Social Justice Film Fest – Feb 8-10, 2024

Joining Our Neighbors, Advancing Hope’s (JONAH) fundamental organizing principle is RELATIONSHIP. It can be challenging to organize around emotional social issues without understanding how to talk about them with those you are in relationships with. The goal of this film festival is to provide education on a variety of social justice issues and engage attendees in thoughtful discussion that supports relationships. Our partnership with the UWEC Social Work Department and First Presbyterian Church further demonstrates how relationships make all the difference in creating something successful. 

We hope you will find a way to engage with these films in the way that best works for your time, distance, and interests. We will be there to support this effort! This social justice film fest is a fun way to keep us connected to each other over the winter and we hope it becomes an annual winter event. There is much good work being done in the film industry to push along education on social injustices, locally and beyond.

February 8th:
Woodland Theatre
Davies Student Center 328
77 Roosevelt Avenue, Eau Claire

9-11 am: The Wall – Homelessness in Minnesota

“The Wall” provides a unique and raw look into the struggles of American poverty, addiction, and homelessness. Throughout the film residents share openly about their journeys to the camp, their lives there, and their hopes for a better future. “The Wall” features these stories within the backdrop of the overall camp story: its growth, the Twin Cities community response, and the eventual transfer of residents to shelter.”

1230-2 pm:  Aging in the US

“A powerful and intimate look at the realities of aging in America and the burgeoning population of people who are 85+ years old.”

330-5 pm:  Tutwiler and Winn – Pregnancy while incarcerated

Tutwiler: “What is it like to give birth — and then be forced to say goodbye to your baby 24 hours later? “Tutwiler,” a documentary from FRONTLINE and The Marshall Project, offers a powerful and unforgettable window into the lives of incarcerated pregnant women — and what happens to their newborns.”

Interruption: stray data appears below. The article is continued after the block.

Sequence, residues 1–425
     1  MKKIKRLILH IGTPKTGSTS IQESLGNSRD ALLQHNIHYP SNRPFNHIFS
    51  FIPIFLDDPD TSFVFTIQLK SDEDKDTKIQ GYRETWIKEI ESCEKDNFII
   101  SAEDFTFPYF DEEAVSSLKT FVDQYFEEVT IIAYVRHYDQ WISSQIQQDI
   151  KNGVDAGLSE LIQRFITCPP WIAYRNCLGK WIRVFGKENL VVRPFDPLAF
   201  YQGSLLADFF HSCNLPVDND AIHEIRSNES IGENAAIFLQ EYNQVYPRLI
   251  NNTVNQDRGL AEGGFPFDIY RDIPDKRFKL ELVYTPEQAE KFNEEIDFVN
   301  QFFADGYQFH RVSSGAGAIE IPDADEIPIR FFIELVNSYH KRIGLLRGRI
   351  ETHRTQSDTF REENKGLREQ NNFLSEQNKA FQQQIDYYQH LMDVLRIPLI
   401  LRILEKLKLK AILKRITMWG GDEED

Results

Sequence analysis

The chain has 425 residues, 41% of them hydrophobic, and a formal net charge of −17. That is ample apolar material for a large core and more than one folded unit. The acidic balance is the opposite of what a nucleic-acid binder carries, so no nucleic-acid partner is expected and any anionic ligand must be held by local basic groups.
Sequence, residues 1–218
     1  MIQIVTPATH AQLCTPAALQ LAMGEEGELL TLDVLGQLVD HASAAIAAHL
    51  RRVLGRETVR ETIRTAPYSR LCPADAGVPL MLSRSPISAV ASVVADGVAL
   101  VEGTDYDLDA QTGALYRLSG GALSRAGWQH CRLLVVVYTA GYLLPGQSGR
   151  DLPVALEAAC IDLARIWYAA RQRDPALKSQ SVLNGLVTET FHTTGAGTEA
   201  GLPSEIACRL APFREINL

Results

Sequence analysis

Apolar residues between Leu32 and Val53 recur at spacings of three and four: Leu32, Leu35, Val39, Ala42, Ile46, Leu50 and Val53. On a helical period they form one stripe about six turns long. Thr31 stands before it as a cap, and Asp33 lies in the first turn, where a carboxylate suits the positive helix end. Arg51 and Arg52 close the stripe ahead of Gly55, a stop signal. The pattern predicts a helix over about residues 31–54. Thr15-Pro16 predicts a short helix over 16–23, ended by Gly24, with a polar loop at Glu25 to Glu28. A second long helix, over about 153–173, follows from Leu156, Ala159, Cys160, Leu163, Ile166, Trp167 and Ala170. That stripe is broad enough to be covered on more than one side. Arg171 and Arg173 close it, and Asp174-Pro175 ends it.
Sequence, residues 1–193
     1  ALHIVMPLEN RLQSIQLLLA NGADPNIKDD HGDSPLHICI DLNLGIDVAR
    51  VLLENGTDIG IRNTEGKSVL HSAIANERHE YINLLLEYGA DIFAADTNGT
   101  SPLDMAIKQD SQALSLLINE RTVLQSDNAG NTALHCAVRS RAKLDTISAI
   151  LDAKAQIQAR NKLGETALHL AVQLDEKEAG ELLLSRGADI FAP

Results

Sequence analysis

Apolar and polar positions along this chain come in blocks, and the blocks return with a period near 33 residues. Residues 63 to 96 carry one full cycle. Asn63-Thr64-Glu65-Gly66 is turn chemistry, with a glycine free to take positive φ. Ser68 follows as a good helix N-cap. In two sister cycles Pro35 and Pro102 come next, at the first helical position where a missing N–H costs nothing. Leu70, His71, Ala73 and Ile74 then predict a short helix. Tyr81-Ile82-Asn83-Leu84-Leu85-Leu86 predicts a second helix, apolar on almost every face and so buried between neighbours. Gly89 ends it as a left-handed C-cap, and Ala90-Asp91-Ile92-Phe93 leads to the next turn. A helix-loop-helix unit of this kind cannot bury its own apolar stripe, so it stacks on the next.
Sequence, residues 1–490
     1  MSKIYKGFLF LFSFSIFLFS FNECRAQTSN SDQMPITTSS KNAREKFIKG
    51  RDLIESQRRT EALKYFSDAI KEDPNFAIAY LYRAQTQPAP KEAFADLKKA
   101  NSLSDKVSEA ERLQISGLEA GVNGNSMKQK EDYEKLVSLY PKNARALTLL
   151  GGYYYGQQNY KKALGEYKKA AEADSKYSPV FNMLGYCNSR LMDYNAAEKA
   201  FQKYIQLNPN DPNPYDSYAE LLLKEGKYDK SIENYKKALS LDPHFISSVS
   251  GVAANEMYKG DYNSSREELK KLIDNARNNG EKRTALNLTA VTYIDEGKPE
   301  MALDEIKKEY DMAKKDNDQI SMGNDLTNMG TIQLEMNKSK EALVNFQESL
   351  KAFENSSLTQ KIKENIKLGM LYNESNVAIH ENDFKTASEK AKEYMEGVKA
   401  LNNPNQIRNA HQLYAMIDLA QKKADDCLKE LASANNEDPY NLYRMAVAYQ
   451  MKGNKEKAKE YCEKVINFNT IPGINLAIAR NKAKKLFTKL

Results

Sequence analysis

Winn: “After experiencing neglect and traumatic loss while pregnant in prison, Pamela Winn becomes an activist, leading hundreds of thousands to support the Dignity Bill to end the shackling of pregnant people in prison. “WINN” exposes the horrifying experience that incarcerated pregnant people endure and documents Pamela’s mission to end shackling and ultimately prison birth.”

6-8 pm:  Joe Bell – Mental health & LGBTQ

“The true story of a small-town, working-class father who embarks on a walk across the U.S. to crusade against bullying after his son is tormented in high school for being gay. Meanwhile, he realizes he is instead missing out on his son’s life back at home.”

February 9th:
First Presbyterian Church
2112 Rudolph Rd, Eau Claire

9-11 am:  Bias – Uncovering unconscious bias

“Bias’ challenges us to confront our hidden biases and understand what we risk when we follow our gut.”

1-3 pm:  Rising Up in the Heartland & Living Undocumented – Immigration

Rising Up: “COVID-19 hammered essential workers across the United States. After long struggles to regain their health, marginalized and undocumented Latino workers in rural Iowa took on a bold new challenge this year: demanding a share of the pandemic relief funds that have excluded them. First, they fought for their lives. Now they are fighting for their livelihoods.”

Living Undocumented: A look at the lives of undocumented immigrants living in the United States.”

430-6 pm:  Not Enough Apologies – Impact of child poverty

“Explore how adverse childhood experiences can result in changes to the brain, leading to cascading behavioral and mental health problems. Discover how service providers across Wisconsin are working to be responsive to trauma in efforts to change the trajectory for affected children.”

7-830 pm:  Portraits from Rural Wisconsin  description

“A documentary offering a series of interwoven personal stories, conveying why some western Wisconsin residents still say that “rural life is the best life” — even in the face of hardship and change.”

February 10th: Virtual Option – 10-1130 am

Watch these films at home and join our Zoom discussion (three 20 min. discussion sessions)

Films for Discussion (click on the link to watch the film)

#1 Not Enough Apologies: (PBS)

#2 The Wall – Homelessness in Minnesota: (YOUTUBE)

#3 Portraits of Rural Wisconsin: (PBS)

#4 Kiss the Ground – Environment: (NETFLIX)